Album review: Lovebites’ Clockwork Immortality is the sound of power metal’s future

Japan’s new power metal queens scale the heights on their second album

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Watching Lovebites’ rapid ascension and evolution has been such a gripping ride that it’s easy to forget they’ve only been a band for two years. So far, the Tokyo five-piece have been prolific, releasing a self-titled EP, their fiery debut, Awakening From Abyss, and mini-album, Battle Against Damnation, in quick succession. Last year they played the main stage at Bloodstock, not to mention impressing our readers so much that they were crowned the Best New Band at last year’s Golden Gods awards.

Formed by bassist Miho in worship of Maiden, Priest and Helloween, Lovebites’ modern take on power and classic metal and technical finesse have made them flag-bearers among a new crop of Japanese metal bands. Now we’ve arrived at album two and what slaps you in the face first is just how fearless everything sounds. Even the title, Clockwork Immortality, feels like a defiant reminder that releasing music at bullet train speed hasn’t been at the expense of artistic growth.

2018’s Battle Against Damnation put Lovebites’ power metal inclinations at the forefront, experimenting with symphonic touches. Clockwork Immortality has seized upon that lavish wizardry, combining technical firepower and the self-aware Maiden idolatry of their debut to take everything to the next level. The presence of Finnish engineers Mikko Karmila and Mika Jussila (Nightwish, Children Of Bodom) on respective mixing and mastering duties ramps things up that little bit more.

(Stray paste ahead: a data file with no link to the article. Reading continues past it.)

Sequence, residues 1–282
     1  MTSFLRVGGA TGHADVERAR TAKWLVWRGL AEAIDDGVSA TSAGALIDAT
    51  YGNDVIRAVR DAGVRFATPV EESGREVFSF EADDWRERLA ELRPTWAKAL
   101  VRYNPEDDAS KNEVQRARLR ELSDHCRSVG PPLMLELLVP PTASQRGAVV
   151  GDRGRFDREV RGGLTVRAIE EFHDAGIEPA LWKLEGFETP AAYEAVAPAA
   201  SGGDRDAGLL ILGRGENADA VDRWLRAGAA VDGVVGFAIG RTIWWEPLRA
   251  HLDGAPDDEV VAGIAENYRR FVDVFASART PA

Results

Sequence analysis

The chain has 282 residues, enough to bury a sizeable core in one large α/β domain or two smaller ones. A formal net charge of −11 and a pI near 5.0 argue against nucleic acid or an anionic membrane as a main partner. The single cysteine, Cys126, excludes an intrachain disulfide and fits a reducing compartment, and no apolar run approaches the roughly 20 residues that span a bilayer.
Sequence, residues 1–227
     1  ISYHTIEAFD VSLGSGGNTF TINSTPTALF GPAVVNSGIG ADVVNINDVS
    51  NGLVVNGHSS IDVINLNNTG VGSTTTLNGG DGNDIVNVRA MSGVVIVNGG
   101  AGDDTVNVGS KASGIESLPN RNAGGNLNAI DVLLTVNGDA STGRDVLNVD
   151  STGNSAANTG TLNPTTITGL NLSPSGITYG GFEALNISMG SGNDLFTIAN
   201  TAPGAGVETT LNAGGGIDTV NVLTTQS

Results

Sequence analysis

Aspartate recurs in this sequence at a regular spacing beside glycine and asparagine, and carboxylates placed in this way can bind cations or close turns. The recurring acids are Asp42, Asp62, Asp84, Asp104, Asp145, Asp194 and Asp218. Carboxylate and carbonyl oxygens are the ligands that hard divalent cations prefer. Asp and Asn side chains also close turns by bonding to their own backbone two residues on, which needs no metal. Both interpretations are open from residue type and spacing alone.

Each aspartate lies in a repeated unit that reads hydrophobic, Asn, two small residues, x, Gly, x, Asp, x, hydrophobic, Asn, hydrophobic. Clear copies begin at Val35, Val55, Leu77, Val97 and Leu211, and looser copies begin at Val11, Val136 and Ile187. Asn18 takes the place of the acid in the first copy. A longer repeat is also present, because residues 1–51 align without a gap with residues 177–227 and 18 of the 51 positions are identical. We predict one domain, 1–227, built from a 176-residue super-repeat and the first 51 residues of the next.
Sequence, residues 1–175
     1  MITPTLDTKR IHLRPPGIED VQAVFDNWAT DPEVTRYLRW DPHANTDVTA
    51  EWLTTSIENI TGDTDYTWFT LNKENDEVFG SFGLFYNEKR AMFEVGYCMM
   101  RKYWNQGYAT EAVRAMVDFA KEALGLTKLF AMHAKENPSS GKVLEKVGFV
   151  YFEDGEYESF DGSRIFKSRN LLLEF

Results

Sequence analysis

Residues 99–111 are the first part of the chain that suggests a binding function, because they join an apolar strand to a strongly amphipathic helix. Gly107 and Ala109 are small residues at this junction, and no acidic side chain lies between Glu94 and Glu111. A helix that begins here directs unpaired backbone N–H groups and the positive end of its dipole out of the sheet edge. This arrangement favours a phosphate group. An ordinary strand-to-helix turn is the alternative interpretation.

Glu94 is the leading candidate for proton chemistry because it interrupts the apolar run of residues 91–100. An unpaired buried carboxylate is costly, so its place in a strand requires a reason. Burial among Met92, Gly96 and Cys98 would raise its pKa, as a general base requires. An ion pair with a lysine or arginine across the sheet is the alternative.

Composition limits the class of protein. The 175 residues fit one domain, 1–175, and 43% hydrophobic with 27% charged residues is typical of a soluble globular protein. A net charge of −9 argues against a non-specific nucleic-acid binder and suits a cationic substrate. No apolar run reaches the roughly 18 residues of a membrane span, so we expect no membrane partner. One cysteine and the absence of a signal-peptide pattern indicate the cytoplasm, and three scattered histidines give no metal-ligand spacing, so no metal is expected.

You can see why the band chose Rising as Clockwork…’s first single. With an exuberant blend of demented Dragonforce-like speeds, duelling solos and histrionic vocals, it’s the best track to showcase where Lovebites are sonically right now, but it’s not the album’s most impressive moment. That honour could go to Mastermind 01, which gallops inon a barrage of neo-thrash splendour.Or Pledge Of The Saviour, which, led by a cracking vocal by singer Asami and a timeless dual riff from shredmasters Midori and Miyami, holds your brain with a grip that’s tighter than Maiden’s leggings in the 80s. M.D.O. is a pure Master Of Puppets-era Metallica adrenaline shot with a gang vocal begging to be accompanied by a field-full of fist punches, held together by lunging bass and Haruna’s exceptional drumming. 

But time and time again, the blistering twin-guitar assault from Midori and Miyako proves to be Lovebites’ pièce de résistance: a flurry of notes executed with insane precision that piles the drama higher and higher on We The United and the orchestra-led The Final Collision.

It’s all tighter than a flea’s arse and there isn’t a bad track here, but even then, the songwriting has improved. While anyone with half an ear could hear Lovebites’ potential on their debut, it did suffer from overblown sonic fatigue by the end. In comparison, each track on Clockwork Immortality stands tall and defiant, brilliantly crafted and memorable in its own right.

If Lovebites can achieve this in two years, God only knows where they’ll be in another five – probably being piloted around the skies in their own Ed Force One by some dude called Bruce. But in all seriousness, there’s nothing more exciting than watching everything that’s fun, proficient, ridiculous and downright excellent about metal coming together in the best way possible. Believe the hype, ladies and gentlemen. Lovebites are the full package.

Dannii Leivers

Danniii Leivers writes for Classic Rock, Metal Hammer, Prog, The Guardian, NME, Alternative Press, Rock Sound, The Line Of Best Fit and more. She loves the 90s, and is happy where the sea is bluest.